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BoBo1946's avatar

What is going on? Red faced and hot! (my mom)

Asked by BoBo1946 (15285points) April 25th, 2010

She has not been out in the sun…but, VERY red faced and hot (face is hot). She has been to the doctor 3 times this last week and no relief.

Anyone got any good suggestions!

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32 Answers

rebbel's avatar

If that avatar photo is you then i think it can not be, but i was about to say that one possibility is that she is menopausal?

blueknight73's avatar

sounds like her blood pressure could be spiking at times

dpworkin's avatar

Menopause? Hyperthyroid? Maybe it’s time for her to see an endocrinologist.

wilma's avatar

If it comes and goes it sounds like a hotflash.

BoBo1946's avatar

She is 87 years old…not menopause. Not hotflashes….and she has a perfect blood pressure! But, thank you for the info.

gailcalled's avatar

Did she ever have breast-cancer treatment, such as Tamoxifin? That can cause post-treatment hot flashes.

chyna's avatar

Web MD says:
Some people may notice that their skin has become very sensitive or that they blush easily before they notice other symptoms of rosacea. For example, facial products may burn their skin.

As rosacea develops, redness on the cheeks lingers, like a slight sunburn. This redness and other symptoms of rosacea come and go

BoBo1946's avatar

@gailcalled no Gail…but, thank you for the info!

@chyna i also looked that up…thank you for the info also!

chyna's avatar

Deleted as it was a repeat answer. (Note to self: read other answers first.)

marinelife's avatar

At her age, the sun may be too much for her. The very old and the very young do not have good temperature controls.

BoBo1946's avatar

@marinelife she never goes out in the sun (maybe to walk to the car)...but, thank you!

squidcake's avatar

Heat stroke? Dehydration? Is she drinking enough?

Lightlyseared's avatar

Try a different doctor?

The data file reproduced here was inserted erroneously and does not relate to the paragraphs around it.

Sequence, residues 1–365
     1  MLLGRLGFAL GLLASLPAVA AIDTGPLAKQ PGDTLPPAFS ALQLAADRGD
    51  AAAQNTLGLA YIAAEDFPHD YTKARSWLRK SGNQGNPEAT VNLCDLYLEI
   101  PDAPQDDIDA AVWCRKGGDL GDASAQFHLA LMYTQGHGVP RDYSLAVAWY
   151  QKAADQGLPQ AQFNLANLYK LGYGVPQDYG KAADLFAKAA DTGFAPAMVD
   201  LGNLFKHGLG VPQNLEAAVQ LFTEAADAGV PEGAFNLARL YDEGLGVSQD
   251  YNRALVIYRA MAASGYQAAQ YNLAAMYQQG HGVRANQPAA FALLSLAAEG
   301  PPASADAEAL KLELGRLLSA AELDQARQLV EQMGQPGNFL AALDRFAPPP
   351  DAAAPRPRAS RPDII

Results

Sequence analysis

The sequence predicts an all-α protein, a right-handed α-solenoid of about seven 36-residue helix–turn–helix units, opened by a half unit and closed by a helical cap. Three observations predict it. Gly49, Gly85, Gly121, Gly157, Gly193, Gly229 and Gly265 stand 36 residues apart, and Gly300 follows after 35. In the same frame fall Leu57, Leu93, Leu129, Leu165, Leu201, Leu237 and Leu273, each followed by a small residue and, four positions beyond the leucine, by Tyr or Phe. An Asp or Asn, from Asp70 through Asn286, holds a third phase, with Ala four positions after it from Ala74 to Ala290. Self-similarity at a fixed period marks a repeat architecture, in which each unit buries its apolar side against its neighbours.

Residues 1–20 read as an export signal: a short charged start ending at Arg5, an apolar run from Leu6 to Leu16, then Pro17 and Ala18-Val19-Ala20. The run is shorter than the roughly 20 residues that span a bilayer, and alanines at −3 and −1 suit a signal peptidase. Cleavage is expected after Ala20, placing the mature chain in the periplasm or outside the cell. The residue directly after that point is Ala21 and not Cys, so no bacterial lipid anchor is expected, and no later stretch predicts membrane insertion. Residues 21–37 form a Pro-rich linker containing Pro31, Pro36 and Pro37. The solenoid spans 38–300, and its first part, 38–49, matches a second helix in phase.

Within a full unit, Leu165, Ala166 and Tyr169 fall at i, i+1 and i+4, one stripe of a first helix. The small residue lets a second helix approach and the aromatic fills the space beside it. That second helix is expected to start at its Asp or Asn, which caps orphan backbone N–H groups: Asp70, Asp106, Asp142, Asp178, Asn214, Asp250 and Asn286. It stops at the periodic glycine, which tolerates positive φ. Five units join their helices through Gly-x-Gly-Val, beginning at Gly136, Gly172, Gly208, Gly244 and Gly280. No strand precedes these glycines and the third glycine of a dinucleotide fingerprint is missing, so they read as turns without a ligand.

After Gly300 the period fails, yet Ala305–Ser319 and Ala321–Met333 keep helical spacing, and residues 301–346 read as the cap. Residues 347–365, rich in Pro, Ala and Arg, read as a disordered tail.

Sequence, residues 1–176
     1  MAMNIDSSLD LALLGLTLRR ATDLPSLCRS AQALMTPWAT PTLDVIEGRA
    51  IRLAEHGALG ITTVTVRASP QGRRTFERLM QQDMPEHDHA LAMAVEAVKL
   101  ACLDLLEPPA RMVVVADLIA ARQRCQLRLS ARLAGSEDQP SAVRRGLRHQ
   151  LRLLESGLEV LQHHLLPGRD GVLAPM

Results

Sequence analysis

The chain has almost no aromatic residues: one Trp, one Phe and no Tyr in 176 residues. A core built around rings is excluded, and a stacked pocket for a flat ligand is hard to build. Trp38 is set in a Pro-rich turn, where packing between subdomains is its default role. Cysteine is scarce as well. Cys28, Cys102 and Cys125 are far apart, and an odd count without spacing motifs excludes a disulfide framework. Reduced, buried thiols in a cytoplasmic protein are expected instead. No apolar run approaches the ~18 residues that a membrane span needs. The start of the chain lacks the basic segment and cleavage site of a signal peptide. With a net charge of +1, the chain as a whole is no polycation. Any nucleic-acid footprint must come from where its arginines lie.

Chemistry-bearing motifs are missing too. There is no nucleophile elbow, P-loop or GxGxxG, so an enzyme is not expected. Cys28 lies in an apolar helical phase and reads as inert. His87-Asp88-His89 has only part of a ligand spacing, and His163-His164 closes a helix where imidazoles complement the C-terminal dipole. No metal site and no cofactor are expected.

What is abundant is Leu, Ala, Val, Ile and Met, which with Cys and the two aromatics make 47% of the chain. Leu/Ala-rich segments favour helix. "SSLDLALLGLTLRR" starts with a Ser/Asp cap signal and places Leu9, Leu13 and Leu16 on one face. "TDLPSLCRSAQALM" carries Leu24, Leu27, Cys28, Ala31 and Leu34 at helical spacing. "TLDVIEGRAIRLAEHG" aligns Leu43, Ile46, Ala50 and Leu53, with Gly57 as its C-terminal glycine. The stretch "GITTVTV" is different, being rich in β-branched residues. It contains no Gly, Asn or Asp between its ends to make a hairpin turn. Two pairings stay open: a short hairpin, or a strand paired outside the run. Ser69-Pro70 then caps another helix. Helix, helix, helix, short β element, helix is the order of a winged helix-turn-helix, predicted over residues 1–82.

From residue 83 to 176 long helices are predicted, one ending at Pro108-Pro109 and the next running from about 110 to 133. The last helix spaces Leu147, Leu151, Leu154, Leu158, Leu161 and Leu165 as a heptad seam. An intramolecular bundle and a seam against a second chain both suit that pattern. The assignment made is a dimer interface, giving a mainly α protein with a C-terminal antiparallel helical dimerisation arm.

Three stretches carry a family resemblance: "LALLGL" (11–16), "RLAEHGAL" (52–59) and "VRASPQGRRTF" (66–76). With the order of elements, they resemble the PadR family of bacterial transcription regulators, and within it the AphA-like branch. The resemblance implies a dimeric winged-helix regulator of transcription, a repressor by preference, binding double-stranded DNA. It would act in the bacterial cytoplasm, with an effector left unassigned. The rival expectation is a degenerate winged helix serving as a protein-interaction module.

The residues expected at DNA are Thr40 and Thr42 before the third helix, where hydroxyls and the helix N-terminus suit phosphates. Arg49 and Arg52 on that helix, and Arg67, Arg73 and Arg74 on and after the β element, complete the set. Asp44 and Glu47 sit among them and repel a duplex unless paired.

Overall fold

cazzie's avatar

It’s just her face? Nothing on her abdomen or in her eyes? And it’s been constant? Is she on any medication? What about headaches? Does your family have a history of glaucoma? Vessel dilation can be caused by quite a few things. I’m hoping the the doctors tested her kidney and liver function and listened to her heart? I found this:

…..‘The clinical picture will often point to the diagnosis. For example, a flushed face with obesity would suggest Cushing syndrome. A flushed face with a heart murmur would suggest mitral stenosis or a right to left shunt with polycythemia. A flushed face with wheezing would suggest pulmonary emphysema. A flushed face and chronic diarrhea would prompt one to consider a carcinoid syndrome.’

Hope she finds the problem.

Jeruba's avatar

An allergic reaction to some medication? Look up the possible side effects of whatever she is taking.

BoBo1946's avatar

@cazzie she is on a lot of medication. Maybe a reaction from a new medication. She had a pacemaker instill about two weeks ago and is on new meds. This was her third operation in the last 4 months.

@Jeruba ditto…

BoBo1946's avatar

loll seniorist…Should read, she had a pacemaker installed about blah blab…..

cazzie's avatar

Mitral stenosis, where the back pressure from the heart causes congestion of the capillaries? The irregular heart beat could be masked now by the pacemaker. Are her ankles swollen? Did she have Rheumatic Fever as a child?

BoBo1946's avatar